Parental empowerment in the MMR vaccination decision-making. Exploration and measurement
Deciding about whether or not to perform a vaccination on one’s child is among the first health-related decisions parents have to confront with after the baby’s birth. Since, like most countries in Europe (Haverkate et al., 2012), Switzerland does not have any mandatory vaccinations, parents are expected to possess the relevant and accurate information regarding both the risks and the benefits of the vaccination compared to the disease, the skills to judge what is more appropriate for their child, and the motivation to engage autonomously in such a decision. In other words, they should be knowledgeable and empowered in order to make their choice. Seen the suboptimal MMR coverage that Switzerland currently displays (FOPH, 2014), we speculated that the MMR vaccination refusal may be due to a lack of parental knowledge on the one hand, and an excess in their empowerment on the other. This combination results in parents making a decision driven by inaccurate information and an excessive desire to be autonomous in deciding without the guidance of the relevant health professionals. Since health empowerment is currently advocated as one of the key elements of the new health care consumer model, it is crucial to have a standardized measurement instrument to empirically assess the empowerment construct in different health-related contexts, including parental vaccination decision-making.
Our aim is to develop an empowerment measurement scale to be used in the context of the MMR vaccination decision-making. To do this, we first plan to conduct a qualitative exploration of the concept of the empowerment among a sample of parents residing in a low MMR coverage area. Considered that Ticino has a relatively high MMR coverage (FOPH, 2014), we chose the Autonomous Province of Bolzano (Italy) to sample our participants, where MMR vaccination coverage is only at 71.5% (Italian Ministry of Health, 2013), the lowest in Italy.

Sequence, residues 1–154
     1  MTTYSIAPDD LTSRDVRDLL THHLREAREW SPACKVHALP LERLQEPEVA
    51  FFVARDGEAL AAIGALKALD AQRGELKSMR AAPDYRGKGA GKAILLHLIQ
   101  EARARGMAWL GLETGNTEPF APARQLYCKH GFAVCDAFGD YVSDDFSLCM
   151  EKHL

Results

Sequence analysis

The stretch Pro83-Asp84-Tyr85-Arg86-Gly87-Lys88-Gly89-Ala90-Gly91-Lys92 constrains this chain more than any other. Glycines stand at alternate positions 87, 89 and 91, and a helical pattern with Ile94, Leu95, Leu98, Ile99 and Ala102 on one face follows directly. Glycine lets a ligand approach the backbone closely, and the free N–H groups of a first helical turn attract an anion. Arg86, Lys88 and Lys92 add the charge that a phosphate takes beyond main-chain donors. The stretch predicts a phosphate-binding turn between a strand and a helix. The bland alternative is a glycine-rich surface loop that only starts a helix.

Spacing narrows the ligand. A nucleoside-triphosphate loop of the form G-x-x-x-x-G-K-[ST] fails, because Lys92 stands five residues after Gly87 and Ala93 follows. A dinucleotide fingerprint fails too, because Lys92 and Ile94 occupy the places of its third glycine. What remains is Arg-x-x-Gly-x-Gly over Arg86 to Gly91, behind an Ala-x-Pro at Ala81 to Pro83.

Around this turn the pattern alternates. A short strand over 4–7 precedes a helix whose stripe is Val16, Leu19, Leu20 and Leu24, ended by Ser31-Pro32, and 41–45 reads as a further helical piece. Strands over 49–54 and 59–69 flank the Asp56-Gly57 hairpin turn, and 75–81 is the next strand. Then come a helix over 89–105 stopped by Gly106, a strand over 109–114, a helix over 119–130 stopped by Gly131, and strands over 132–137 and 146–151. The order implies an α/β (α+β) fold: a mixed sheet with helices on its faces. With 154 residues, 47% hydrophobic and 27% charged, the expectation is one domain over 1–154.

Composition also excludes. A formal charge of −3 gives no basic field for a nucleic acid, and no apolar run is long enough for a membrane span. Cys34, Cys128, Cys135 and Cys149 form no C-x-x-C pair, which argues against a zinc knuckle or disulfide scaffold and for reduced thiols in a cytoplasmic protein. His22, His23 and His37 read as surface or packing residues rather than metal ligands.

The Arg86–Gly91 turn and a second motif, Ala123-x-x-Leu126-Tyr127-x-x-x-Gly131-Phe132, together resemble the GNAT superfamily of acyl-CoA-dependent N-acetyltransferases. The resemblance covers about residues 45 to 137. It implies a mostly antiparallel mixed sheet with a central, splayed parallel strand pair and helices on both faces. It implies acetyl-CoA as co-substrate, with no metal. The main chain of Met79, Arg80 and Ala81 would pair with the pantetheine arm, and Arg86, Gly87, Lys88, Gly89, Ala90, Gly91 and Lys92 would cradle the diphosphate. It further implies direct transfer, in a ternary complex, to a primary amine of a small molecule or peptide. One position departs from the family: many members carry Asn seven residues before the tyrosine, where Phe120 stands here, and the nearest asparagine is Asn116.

The project will follow three main steps: a qualitative exploration of the concept of psychological empowerment with parents sampled from an Italian province with a low MMR vaccination coverage (A.P. of Bolzano), the development of a scale to measure psychological empowerment in the context of the MMR vaccination using the data from the qualitative study, and the administration of the scale to a bigger sample of parents (location to be defined, most likely A.P. of Bolzano).
Step 1. We aim at conducting three focus groups with ten participants each. Inclusion criteria will be being a mother or a father of at least one child between six months and six years-old, being resident in the Province of Bolzano and being fluent in Italian. Each focus group will last about one hour and will be conducted by the main researchers. Participants will be recruited through local health authorities and will be offered a reward for their participation. At the end of each focus groups, a questionnaire will be administered to each participant containing a validated vaccination literacy scale (Zingg & Siegrist, 2012) and a number of socio-demographic questions (gender, age, origin, education, marital status, employment status, number and age of children). Participant will be given an ID to match data from the interview with questionnaire results. Focus group interviews will be tape-recorded and transcribed, and transcriptions will be analyzed thematically employing an inductive approach on the basis of a pre-defined coding scheme grounded in the empowerment conceptualization by Schulz and Nakamoto (2013), that defines empowerment as a motivational construct made by four sub-dimensions (self-determination, self-efficacy, meaningfulness and impact).
Step 2. The results from the qualitative focus groups will shed new light on the operationalization of the concept of psychological empowerment in the context of the MMR vaccination decision-making. A new scale will be developed at this stage to include items used in previous surveys and new questions based on themes arisen from the interviews. The vaccination empowerment scale will be administered together with a general empowerment scale made by available validated measurements (e.g.: General Self-Efficacy Scale by Schwarzer et al., 1995).
Step 3. The last step envisages the administration of the MMR vaccination empowerment scale and the general empowerment scale to a sample of 250 parents with at least one child under the age of ten from the Province of Bolzano. The scale will be included in an online questionnaire together with a vaccination literacy scale (Zingg & Siegrist, 2012) and socio-demographic questions (gender, age, origin, education, marital status, employment status, number of children, their age and vaccination status). The survey results will yield insights for a final version of the scale which will be employed in a later experimental study.